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To have reservations about DH's childcare skills?

(8 Posts)
Stressedmummy1 Tue 23-Jun-09 10:31:02

Oh dear. I've gone back to work FT but a lot of it is done from home so I'm around to see some of what is going on. I'm hardly supermum, far from it, but I'm worried about the way in which DH is looking after DS. We agreed that DH would do childcare as I have better earning potential than him, and he seemed happy with doing that when we made the decision together. Maybe the reality of doing FT childcare has hit home, I don't know.

When I have taken a break from work to have a cup of coffee, I have several times gone in to them to find 18 month old DS unsupervised (but within earshot I suppose) whilst DH is on the computer. He lets him watch lots of telly, doesn't do many activities with him and feeds him crap with very little fruit and veg even though I have frozen meals down that DH could give to him. DH's heart just doesn't seem to be in it. When I went back to work I said that I thought DH should aim as I have, to give him at least one home cooked meal a day and not too much junk, a physical activity such as a trip to the park or even time playing in the garden (he is quite active and needs this), and limit TV. This doesn't happen every day when I look after DS, but I try, I don't think it hurts to have in mind a few standards to aim for, do you? DS is currently spending most days stuck in the house, watching lots of telly. It is a shame as he is not a difficult boy to amuse - he loves painting, getting involved, going out and about.

It is early days yet, so I am giving things a month or two to bed down, but AIBU in the back of my mind to be thinking that DH is not really into doing this, and that ultimately DS would be better being looked after by a professional at least part time so DH could cope better and I would have more peace of mind. How we afford that help is another questionQ"!BTW, we agreed that DH would do childcare as I have better earning potential than him, and he seemed happy with doing that when we made the decision together. Maybe the reality of doing it has hit home, I don't know.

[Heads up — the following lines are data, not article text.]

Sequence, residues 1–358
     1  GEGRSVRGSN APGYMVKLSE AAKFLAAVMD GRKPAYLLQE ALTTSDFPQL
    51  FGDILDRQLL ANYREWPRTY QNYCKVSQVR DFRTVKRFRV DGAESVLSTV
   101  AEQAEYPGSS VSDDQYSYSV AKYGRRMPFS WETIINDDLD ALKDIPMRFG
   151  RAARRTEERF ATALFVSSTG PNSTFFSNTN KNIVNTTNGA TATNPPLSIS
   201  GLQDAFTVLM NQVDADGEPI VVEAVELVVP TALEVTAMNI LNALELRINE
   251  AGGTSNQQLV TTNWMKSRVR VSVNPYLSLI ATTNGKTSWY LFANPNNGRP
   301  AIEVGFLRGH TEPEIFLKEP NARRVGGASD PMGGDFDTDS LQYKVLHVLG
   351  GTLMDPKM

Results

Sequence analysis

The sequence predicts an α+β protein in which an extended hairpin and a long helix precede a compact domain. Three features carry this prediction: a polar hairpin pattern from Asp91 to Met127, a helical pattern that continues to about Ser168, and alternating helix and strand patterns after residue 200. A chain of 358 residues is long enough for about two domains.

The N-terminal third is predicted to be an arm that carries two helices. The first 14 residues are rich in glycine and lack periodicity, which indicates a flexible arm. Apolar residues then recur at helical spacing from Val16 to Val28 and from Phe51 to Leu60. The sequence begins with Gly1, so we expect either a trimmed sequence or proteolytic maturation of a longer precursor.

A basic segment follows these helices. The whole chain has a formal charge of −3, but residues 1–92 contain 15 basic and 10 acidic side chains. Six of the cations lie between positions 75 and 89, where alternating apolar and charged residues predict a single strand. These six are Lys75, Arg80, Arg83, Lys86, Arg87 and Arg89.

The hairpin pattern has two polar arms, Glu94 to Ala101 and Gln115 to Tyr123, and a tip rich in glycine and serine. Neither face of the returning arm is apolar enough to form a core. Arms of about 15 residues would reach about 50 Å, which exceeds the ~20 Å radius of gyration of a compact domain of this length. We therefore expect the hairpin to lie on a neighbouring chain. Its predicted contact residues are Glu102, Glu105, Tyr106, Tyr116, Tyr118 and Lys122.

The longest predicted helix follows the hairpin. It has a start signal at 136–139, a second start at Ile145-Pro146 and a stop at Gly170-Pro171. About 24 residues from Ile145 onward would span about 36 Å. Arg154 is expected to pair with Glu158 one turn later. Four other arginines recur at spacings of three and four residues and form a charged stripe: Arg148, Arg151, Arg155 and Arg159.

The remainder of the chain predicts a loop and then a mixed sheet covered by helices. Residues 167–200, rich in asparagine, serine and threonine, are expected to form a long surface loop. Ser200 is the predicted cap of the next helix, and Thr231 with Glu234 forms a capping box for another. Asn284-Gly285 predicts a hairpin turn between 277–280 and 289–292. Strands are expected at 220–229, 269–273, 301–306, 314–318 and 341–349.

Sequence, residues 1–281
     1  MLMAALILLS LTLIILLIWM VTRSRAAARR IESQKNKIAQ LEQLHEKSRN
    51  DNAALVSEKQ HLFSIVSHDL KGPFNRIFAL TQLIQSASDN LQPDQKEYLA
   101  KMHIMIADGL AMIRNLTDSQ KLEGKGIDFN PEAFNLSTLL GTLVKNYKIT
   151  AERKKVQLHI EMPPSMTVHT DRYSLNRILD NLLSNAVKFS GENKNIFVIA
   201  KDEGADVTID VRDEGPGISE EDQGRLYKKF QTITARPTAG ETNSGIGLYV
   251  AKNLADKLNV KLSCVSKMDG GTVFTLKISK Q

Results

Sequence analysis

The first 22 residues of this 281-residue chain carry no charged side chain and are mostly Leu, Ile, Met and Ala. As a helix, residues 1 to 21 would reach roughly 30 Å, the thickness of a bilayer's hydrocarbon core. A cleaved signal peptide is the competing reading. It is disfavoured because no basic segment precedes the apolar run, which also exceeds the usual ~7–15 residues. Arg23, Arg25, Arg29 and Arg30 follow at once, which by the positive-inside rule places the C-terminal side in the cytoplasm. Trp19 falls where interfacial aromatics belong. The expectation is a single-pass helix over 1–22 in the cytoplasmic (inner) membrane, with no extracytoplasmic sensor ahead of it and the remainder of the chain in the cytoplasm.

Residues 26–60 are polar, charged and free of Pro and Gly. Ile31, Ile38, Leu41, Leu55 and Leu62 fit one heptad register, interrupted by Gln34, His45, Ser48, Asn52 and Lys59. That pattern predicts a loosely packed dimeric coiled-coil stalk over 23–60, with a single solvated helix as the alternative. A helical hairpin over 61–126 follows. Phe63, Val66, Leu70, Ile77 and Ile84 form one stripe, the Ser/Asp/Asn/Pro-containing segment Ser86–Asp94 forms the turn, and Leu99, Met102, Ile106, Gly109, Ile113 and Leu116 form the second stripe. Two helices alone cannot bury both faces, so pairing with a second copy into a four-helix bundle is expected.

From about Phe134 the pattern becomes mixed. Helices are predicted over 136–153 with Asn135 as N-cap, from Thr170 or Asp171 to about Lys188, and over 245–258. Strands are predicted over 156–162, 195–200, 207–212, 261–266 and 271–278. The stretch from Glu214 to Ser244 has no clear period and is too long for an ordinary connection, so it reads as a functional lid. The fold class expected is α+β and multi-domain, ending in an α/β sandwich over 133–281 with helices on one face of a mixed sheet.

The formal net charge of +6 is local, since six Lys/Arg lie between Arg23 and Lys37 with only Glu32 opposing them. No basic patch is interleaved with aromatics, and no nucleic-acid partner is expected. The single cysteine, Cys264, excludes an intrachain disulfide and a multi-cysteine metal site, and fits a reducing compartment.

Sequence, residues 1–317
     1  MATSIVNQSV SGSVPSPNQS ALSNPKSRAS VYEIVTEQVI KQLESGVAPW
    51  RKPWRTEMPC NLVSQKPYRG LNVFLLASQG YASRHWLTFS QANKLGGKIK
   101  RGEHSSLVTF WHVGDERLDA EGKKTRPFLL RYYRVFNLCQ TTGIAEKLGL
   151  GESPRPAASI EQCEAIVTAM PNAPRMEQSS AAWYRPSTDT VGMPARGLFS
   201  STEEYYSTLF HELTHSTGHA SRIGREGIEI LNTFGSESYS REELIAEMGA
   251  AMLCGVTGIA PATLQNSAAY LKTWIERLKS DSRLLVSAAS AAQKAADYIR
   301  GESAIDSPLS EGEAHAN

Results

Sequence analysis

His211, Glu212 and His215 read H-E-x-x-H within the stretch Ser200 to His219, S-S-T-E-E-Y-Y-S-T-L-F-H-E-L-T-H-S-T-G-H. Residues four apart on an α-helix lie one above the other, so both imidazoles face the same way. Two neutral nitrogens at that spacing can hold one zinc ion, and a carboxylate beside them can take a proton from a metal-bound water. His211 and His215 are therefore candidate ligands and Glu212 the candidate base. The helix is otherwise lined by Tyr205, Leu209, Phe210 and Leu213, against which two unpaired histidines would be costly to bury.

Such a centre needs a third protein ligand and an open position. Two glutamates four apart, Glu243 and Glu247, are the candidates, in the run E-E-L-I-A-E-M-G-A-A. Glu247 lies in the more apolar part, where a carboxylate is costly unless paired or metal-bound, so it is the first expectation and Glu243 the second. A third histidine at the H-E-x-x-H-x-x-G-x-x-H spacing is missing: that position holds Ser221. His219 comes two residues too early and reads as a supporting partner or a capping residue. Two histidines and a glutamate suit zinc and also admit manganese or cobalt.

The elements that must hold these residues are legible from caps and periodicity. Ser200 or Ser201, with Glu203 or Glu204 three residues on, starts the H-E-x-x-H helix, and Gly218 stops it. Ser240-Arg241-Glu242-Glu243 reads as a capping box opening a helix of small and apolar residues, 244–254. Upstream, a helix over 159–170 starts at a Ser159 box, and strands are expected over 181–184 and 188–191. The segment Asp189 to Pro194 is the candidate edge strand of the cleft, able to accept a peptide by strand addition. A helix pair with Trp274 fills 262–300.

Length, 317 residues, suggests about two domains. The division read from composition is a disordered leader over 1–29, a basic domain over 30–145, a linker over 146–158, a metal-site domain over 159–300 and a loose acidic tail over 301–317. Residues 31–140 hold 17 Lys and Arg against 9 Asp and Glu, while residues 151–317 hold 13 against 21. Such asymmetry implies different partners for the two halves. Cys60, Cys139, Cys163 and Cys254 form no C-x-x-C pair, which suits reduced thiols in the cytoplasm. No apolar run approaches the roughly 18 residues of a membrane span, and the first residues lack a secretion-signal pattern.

mistlethrush Tue 23-Jun-09 10:46:22

We've been forced into this - I'm working ft as the co that dh worked for went into administration in Jan - so I take ds home after school and start work again and leave ds to dh. I find that I need to be quite pro-active with what I suggest - if its nice I suggest they go to the park, do some gardening, or if nasty - cooking or craft. However, whilst it started really well, the same has a tendency to happen with dh - going to be difficult for him over the hols and going to get some playdates organised (as much for dh's sanity as ds's).

If your dh can get some work pt or from home, definitely think this would be better for both - he would possibly have more energy to put into ds - certainly worked this way for me.

However, I don't agree that you can leave it a month or two to settle down - you need to have a discussion now - and agree the ground rules. OK, some days won't work right if ds is tired or grumpy, but its reasonable to expect that not more than, say 90mins of TV in thw whole day - and some time out at the park if good weather - take a football!

Snorbs Tue 23-Jun-09 10:56:49

What does your DH think of the way he's looking after DS?

violethill Tue 23-Jun-09 10:58:10

Agree with mistlethrush.

Not everyone wants to be at home 24/7 looking after their child - it just doesn't suit some men, or women, and it's better to be upfront about this. It sounds as though it was a convenient solution because you earn more, rather than a positive desire on your dh's part.

If he can find part time work, and your ds goes to nursery or a cm for part of the week, then you may well find you're all happier. I always appreciated my time at home a lot more because I was working part time. Being at home all the time doesn't mean you'll play more, cook more homemade meals etc. It's about a state of mind. If you are stimulated by doing something outside the home, you're far more likely to come home and really enjoy playing with the kids, cooking dinner etc.